A Rare Condition
The neurological disease, which causes inflammation in the brain, affects only about one in 1.5 million people and wasn’t even identified until 2007. Brad had never heard of the condition, but when he looked it up online, he realized that his daughter had all the symptoms. All throughout that day, he pushed the hospital to test for it. Wells’ doctors pushed back. The condition is so uncommon that they’d never even seen a patient with it before. But Brad wouldn’t relent. By the following day, they started to believe him.
That afternoon, Wells’ team referred her to the neuro intensive care section at the nearby Cleveland Clinic, where Dr. Joao Gomes, the head of the department, suspected the psychiatrist that Brad had consulted might be right about anti-NMDA receptor encephalitis. But Gomes had a hunch that this wasn’t the whole story. The condition usually has an underlying cause, often testicular or ovarian cancer, so he ordered an ultrasound. Brad was shocked that his daughter, who was otherwise healthy until earlier that summer, could not only have a neurological disease but also cancer. But tests proved that Gomes was right. Wells had a tumour on her ovaries.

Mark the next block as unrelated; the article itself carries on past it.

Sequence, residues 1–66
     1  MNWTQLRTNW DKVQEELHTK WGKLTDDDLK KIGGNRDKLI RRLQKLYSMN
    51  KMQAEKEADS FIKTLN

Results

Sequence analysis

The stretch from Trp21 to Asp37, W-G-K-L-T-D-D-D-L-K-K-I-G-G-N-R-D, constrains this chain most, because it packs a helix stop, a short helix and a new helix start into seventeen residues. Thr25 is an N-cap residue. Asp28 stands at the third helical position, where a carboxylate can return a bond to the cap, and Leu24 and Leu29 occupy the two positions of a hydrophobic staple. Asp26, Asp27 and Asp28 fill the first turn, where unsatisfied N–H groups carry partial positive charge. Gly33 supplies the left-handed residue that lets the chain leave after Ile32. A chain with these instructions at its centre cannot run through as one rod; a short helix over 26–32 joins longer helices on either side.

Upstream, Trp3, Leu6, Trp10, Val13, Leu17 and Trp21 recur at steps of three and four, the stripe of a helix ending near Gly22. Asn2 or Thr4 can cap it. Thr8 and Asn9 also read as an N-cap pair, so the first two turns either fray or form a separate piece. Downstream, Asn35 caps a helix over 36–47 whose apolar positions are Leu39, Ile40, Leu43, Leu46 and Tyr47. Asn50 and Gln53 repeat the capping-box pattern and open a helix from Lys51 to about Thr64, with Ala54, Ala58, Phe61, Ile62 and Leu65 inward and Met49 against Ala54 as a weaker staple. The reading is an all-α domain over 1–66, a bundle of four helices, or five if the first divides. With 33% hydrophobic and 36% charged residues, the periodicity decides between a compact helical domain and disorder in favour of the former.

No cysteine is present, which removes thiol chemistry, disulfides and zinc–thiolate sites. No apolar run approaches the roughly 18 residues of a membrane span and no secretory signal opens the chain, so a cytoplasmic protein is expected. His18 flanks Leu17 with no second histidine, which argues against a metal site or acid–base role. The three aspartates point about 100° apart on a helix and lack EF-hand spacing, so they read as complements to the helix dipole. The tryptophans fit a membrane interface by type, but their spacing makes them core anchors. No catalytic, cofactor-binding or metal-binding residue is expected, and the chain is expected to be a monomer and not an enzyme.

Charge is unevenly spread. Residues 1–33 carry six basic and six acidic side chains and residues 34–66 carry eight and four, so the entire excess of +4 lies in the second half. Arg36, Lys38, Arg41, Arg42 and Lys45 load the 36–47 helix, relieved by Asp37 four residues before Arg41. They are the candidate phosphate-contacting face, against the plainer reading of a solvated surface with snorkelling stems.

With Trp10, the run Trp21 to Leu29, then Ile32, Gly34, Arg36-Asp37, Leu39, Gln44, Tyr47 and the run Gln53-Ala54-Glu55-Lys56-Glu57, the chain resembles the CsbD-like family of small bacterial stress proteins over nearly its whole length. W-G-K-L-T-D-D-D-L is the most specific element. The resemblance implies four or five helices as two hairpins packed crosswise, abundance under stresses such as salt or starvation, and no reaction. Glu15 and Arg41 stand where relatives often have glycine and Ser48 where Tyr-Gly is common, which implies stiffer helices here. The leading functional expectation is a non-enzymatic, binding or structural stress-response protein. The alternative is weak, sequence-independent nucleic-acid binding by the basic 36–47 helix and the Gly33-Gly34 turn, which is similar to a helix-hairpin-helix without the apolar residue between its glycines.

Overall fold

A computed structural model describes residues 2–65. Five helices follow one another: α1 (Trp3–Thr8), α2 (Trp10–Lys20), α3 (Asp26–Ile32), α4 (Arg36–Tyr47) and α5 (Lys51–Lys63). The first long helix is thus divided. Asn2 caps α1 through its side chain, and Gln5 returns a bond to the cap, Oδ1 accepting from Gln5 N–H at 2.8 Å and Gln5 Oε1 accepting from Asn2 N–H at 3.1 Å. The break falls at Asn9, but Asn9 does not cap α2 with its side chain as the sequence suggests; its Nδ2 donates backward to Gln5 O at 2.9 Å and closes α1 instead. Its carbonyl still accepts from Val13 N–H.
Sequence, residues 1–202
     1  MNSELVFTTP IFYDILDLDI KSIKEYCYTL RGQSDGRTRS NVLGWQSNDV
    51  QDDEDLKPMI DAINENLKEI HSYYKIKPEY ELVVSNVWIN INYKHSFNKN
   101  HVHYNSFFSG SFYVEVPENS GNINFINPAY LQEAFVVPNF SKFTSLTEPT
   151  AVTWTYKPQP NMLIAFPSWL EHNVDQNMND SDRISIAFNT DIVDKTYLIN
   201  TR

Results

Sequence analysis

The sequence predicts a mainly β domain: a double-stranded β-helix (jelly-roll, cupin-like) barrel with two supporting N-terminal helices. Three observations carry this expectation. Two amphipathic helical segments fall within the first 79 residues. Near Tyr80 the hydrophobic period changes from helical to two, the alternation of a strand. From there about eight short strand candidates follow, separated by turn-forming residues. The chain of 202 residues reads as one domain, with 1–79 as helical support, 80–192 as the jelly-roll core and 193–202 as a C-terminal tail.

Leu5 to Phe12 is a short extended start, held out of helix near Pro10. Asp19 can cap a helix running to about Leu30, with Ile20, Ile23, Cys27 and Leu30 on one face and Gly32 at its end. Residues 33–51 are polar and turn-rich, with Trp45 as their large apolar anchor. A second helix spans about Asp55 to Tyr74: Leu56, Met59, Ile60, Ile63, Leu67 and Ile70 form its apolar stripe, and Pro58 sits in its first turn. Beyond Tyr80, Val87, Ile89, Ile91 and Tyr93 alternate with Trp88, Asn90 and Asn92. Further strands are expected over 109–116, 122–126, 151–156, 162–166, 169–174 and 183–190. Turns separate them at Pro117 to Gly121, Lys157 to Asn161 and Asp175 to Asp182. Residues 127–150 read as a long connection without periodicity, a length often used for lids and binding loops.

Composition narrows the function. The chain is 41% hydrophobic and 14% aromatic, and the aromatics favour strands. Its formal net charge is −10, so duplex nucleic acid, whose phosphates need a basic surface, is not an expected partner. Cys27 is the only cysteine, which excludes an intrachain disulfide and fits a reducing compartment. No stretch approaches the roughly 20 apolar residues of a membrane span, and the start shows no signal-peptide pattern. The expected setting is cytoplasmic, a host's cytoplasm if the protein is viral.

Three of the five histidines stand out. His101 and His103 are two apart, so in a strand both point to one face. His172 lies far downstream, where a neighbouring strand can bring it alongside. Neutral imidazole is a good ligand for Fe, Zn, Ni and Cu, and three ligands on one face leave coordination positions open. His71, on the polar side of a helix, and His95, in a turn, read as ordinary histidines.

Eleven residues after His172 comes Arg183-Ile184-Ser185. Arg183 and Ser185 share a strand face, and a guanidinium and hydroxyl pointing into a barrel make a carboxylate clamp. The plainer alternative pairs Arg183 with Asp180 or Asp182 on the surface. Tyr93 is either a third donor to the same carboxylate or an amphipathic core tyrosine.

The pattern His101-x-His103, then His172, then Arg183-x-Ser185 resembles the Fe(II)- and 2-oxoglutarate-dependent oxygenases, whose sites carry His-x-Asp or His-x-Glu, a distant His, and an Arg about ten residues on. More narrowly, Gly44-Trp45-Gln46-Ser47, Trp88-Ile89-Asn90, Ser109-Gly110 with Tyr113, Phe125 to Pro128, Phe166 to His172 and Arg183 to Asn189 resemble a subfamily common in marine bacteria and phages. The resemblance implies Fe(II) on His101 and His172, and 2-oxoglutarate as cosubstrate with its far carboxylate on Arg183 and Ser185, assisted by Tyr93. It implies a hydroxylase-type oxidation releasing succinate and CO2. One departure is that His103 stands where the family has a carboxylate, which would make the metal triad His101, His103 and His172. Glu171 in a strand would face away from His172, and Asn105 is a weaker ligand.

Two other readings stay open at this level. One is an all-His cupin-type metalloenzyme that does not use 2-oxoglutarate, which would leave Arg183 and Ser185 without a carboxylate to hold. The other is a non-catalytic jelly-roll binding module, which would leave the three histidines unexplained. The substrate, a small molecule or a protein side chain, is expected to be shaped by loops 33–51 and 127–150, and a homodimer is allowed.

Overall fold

With that discovery, Gomes began piecing together the intricate puzzle that explained Wells’ bizarre medical history. To start, the pain in her side and frequent urination were a result of the tumour. Furthermore, her body had started producing antibodies to fight the cancer. “Unfortunately, in Lauren’s case,” says Gomes, “the antibody not only tried to attack the cancer, but it had some cross-reactivity with her NMDA receptors.”
NMDA receptors are channels in the brain that affect memory and behaviour—and that happen to have similar structures to the cancerous cells Wells’ body was trying to fight.
“That’s what produced her symptoms,” says Gomes. The music, the seagulls—they were all auditory hallucinations.